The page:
There is a lot more in him than you guess, and a deal more than he has any idea of himself.

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Hobbits, the narrator explains, are little people, roughly half the size of humans, with thick hair on their feet, round bellies, and a love of good food, comfort, and security. Though some hobbits live in houses, they traditionally live in holes in the ground. The holes are not dank and smelly but comfortable, cozy underground dwellings with all the amenities of their aboveground counterparts. The hole occupied by the hobbit known as Bilbo Baggins is called Bag End. It is quite a pleasant dwelling, with comfortable furniture and a well-stocked kitchen, nestled in a snug little village under a hill.

Bilbo’s ancestry is somewhat noble by hobbit standards: his father was from the well-to-do, conventional Baggins family, but his mother was from the Tooks, a wealthy, eccentric family infamous for their unhobbitlike tendency to go on adventures. Despite his Took blood, however, Bilbo prefers to stay at home and live a quiet life.

On the day the story begins, Bilbo is enjoying a pipe outside his front door when an old man with a long cloak and a staff arrives. After the old man introduces himself, Bilbo recognizes him as the wizard Gandalf, who has created spectacular fireworks displays on holidays in Hobbiton, but Bilbo still looks on the old wizard with a suspicious eye. When Gandalf asks if Bilbo would be interested in going on an adventure, Bilbo declines and quickly excuses himself. He invites the wizard to come over for tea sometime but only so as not to seem rude—in reality, he wants nothing to do with Gandalf and his adventures.

When the doorbell rings the next afternoon, Bilbo assumes it is Gandalf. To his surprise, a dwarf named Dwalin pushes past him and promptly sits down to eat. Soon, other dwarves begin to arrive, and as Bilbo’s neat little home becomes crowded with dwarves, Bilbo becomes increasingly confused and annoyed. At last, Gandalf arrives with the head dwarf, Thorin. The thirteen dwarves and the wizard nearly clean out Bilbo’s pantry before finally settling down to discuss their business.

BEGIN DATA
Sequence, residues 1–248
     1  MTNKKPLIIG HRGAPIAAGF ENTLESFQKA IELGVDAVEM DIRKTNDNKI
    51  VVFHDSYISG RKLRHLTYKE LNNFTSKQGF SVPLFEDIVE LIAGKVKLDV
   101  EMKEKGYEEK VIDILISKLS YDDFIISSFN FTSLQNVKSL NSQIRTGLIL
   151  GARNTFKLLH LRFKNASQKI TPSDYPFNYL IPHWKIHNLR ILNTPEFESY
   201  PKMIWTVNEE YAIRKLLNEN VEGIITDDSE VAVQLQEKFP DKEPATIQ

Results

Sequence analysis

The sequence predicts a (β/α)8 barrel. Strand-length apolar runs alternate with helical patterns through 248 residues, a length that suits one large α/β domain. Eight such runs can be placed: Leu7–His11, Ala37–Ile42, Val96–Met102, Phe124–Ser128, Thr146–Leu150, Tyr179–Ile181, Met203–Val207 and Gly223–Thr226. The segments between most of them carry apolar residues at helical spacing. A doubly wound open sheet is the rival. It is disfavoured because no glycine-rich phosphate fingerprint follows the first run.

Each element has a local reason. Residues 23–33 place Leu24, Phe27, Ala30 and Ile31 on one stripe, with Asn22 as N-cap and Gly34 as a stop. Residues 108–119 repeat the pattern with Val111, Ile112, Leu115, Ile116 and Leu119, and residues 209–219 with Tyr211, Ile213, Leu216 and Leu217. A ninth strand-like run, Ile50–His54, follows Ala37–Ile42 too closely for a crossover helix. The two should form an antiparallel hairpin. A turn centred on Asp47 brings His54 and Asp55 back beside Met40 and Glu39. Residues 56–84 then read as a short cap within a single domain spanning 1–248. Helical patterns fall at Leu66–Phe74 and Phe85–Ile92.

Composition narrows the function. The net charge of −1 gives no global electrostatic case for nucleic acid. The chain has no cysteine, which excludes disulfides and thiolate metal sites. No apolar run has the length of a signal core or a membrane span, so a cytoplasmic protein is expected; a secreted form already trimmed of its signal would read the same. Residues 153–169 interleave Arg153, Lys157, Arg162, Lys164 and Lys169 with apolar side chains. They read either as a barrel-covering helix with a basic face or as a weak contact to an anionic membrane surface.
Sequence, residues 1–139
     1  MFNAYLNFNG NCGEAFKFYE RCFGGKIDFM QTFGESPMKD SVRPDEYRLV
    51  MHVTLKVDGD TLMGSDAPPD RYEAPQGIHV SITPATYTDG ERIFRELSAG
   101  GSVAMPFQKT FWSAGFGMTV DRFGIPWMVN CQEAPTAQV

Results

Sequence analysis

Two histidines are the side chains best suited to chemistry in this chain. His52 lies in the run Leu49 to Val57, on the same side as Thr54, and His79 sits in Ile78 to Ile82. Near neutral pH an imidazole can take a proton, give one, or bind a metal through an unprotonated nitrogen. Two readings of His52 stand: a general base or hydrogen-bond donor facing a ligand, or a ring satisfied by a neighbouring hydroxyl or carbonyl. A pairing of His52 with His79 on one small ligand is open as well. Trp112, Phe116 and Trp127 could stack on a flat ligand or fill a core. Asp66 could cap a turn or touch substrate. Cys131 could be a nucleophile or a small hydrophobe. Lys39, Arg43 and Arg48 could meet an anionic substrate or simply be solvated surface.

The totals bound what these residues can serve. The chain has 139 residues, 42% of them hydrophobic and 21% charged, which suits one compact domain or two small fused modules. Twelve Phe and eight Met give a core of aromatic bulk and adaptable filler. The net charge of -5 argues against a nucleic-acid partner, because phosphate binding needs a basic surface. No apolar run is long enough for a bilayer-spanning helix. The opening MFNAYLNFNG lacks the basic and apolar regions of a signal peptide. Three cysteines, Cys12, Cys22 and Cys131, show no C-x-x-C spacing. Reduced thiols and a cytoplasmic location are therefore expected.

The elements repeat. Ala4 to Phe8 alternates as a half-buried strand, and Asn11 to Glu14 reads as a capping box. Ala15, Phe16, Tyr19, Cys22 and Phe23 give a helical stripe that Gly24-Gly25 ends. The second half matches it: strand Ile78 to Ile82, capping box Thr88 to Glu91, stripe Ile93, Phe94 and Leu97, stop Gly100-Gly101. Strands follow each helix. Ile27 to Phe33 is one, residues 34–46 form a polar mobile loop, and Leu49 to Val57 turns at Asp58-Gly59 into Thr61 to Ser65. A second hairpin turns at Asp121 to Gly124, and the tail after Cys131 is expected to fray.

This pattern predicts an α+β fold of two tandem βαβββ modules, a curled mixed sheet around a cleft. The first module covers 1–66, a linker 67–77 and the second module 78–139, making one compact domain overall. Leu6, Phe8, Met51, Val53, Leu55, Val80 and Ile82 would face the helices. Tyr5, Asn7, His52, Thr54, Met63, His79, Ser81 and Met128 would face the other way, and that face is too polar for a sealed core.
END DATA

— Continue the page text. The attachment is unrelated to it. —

It soon becomes clear that Gandalf has volunteered Bilbo to be a “burglar” for the dwarves on their adventure. The hobbit protests, and the dwarves grumble that the soft little hobbit does not seem suited to their adventure. Gandalf, however, is certain that Bilbo is useful, and insists that there is more to the hobbit than meets the eye.

The wizard then brings out an old map of a great mountain and points to a mysterious secret entrance, a door to which Thorin holds the key. Bilbo demands some clarification about the point of the whole expedition. Thorin explains that his grandfather, Thror, mined the mountain shown on the map and discovered a wealth of gold and jewels. Thror then became King under the Mountain, but his fantastic treasure attracted unwanted attention. Before long, the dragon Smaug came and killed or scattered all of Thror’s people. The dragon has been guarding the treasure ever since. Thorin and the dwarves are out to reclaim their rightful inheritance, even though they are unsure of what to do with Smaug when they find him.

Bilbo suspects that the dwarves want him to play a part in slaying the dragon. Although his Baggins side would like nothing better than to sit at home with his pipe, the Took influence in him fuels his curiosity about the adventure, and he is reluctantly excited by the tales of dragons and treasure and great battles. After looking at the map and discussing the adventure with the company, the hobbit makes up beds for all his guests and then spends the night in troubled dreams.